Epidemiological analysis of inflammatory eye and central nervous system conditions and their risk factors, association with infectious and immune-mediated inflammatory diseases, and health impacts. A UK population-based observational study

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Date of Approval
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Lay Summary

The eye and spinal cord are part of the nervous system and can rarely become inflamed in response to infections, immune system diseases, vaccination or certain medicines. Inflammation can threaten sight, or strength and feeling in the body. Timely diagnosis and treatment can prevent permanent damage, but treatments may cause other health problems. Some tests used to work out the underlying causes, and some treatments, are expensive and it can be challenging to determine which ones are most helpful.

Lack of data on these rare inflammatory conditions of the eye and spinal cord has made it difficult to:
i) anticipate current and future NHS workforce needs;
ii) anticipate future demand for high-cost treatments;
iii) order appropriate tests; and
iv) understand health and vision outcomes.

Our study aims to extend previous research on a smaller dataset from a UK primary care records database to better understand eye and spinal cord inflammation. We will estimate how common these types of inflammation are in the population, and whether that changed during the COVID-19 pandemic. We will estimate how frequently these inflammatory conditions are linked to an underlying disease, vaccine or medicine, consider risk factors for their onset, and their impacts on the eye and general health. These findings could support improvement in NHS healthcare services.

Technical Summary

Background: Tissues within the eye are an extension of the central nervous system (CNS). They may become inflamed in infectious and immune-mediated inflammatory diseases (I-IMIDs), or following COVID-19 vaccination, or medications (e.g bisphosphonates), with irreversible damage and loss of function. Associated I-IMID diagnosis (e.g multiple sclerosis, rheumatoid arthritis, syphilis) may precede presentation or follow months or years later. Treatment also carries risk of complications.

To replicate and extend previous primary care record analyses of uveitis, scleritis, and optic neuritis, to add associated phenotypes including episcleritis, peripheral ulcerative keratitis, and transverse myelitis;
1) To estimate 10-year incidence/prevalence trend (2013-2022), before/during COVID-19 pandemic;
2) To estimate how incidence rate varies by established risk factors including age group, sex, ethnicity, body mass index, smoking, latitude, and vitamin D deficiency;
3) To comprehensively and systematically estimate frequency and strength of association with associated I-IMIDs diagnosed before or after incident eye/CNS inflammation, or with preceding associated medications, or COVID-19 vaccination;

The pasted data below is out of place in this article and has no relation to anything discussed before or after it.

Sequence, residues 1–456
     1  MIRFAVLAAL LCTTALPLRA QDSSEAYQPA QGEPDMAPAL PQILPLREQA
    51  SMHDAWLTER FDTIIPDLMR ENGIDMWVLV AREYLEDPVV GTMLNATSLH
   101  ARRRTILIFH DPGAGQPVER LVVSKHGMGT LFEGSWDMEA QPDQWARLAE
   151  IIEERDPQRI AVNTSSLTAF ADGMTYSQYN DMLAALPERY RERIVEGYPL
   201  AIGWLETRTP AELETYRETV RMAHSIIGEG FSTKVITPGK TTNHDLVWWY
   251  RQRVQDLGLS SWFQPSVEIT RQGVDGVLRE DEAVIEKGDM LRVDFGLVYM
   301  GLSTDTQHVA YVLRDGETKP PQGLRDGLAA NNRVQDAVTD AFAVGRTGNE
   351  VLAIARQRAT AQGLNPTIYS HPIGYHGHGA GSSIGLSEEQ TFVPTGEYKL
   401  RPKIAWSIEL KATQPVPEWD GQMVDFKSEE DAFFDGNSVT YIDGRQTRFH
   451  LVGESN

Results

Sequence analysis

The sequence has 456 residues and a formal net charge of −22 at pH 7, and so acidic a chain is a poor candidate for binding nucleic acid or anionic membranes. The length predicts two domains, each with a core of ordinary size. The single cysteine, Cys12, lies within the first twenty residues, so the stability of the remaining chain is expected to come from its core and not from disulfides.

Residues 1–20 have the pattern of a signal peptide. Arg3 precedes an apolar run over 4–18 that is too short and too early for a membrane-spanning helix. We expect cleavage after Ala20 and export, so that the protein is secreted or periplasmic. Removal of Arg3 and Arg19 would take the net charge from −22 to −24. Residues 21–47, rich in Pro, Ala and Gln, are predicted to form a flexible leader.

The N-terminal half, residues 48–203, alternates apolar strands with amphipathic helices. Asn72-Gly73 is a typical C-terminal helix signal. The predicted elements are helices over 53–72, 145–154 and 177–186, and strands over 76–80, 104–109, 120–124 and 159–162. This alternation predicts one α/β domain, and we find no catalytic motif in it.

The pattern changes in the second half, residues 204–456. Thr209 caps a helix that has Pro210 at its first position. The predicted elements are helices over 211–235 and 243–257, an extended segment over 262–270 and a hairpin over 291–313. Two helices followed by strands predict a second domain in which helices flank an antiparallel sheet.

4) To estimate negative health impacts including hazard of ocular complications, sight impairment registration, neurological disability, incident depression/anxiety, diabetes, hypertension, sepsis, fragility fracture, cancer, and infertility.

Methods: Population: Patients aged >1 year with a recorded diagnosis of an inflammatory eye condition (uveitis, scleritis, episcleritis, peripheral ulcerative keratitis, optic neuritis or transverse myelitis). Study designs: Cross-sectional (2013-2022), population cohort, and matched case-control and matched cohort study designs (all years). Statistical analyses: annual incidence, annual point prevalence, multivariable Poisson regression analysis offsetting for person-years, multivariable logistic regression analysis and multivariable Cox proportional hazards regression analysis. Matching 1:4 on age, sex, region and deprivation index. Additional adjustment variables may include ethnicity, BMI, nation, smoking, vitamin D and COVID-19 vaccination status.

The findings could support workfoce planning, estimating demand for immunosuppressives, including high-cost biologics, targeting investigations and referrals, and quantifying health outcomes.

Health Outcomes to be Measured

Primary outcome
• Frequency and strength (odds and/or hazard ratio) of association between incident inflammatory eye and central nervous system conditions (and their subtypes) and I-IMIDs (preceding or following eye/CNS inflammatory condition diagnosis), or preceding covid-19 vaccination, or preceding associated medication.
Key secondary outcomes for inflammatory eye/CNS conditions (and subtypes):
• Annual point prevalence and trend 2013 to 2022;
• Annual incidence rate and trend 2013 to 2022;
• Cumulative incidence rate ratio, by associated risk factor variables;
• Hazard of negative health outcomes of inflammation or its treatment: vision impairment; sight impairment registration; neurological disability (wheelchair use); ocular complications; incident depression/anxiety, diabetes, hypertension, sepsis, fragility fracture, cancer, or infertility.


Tasanee Braithwaite - Chief Investigator - King's College London (KCL)
Benjamin Zuckerman - Corresponding Applicant - King's College London (KCL)
- Collaborator -
Alasdair Warwick - Collaborator - University College London ( UCL )
Alastair Denniston - Collaborator - University of Birmingham
axel petzold - Collaborator - University College London ( UCL )
Chiara Rocchi - Collaborator - Walton Centre NHS
James Galloway - Collaborator - King's College London (KCL)
Mark Russell - Collaborator - King's College London (KCL)
Martin Gulliford - Collaborator - King's College London (KCL)
Nicola Adderley - Collaborator - University of Birmingham
Pavel Loginovic - Collaborator - University of Exeter
Saif Huda - Collaborator - Walton Centre NHS
Tsz Lun Ernest Wong - Collaborator - King's College London (KCL)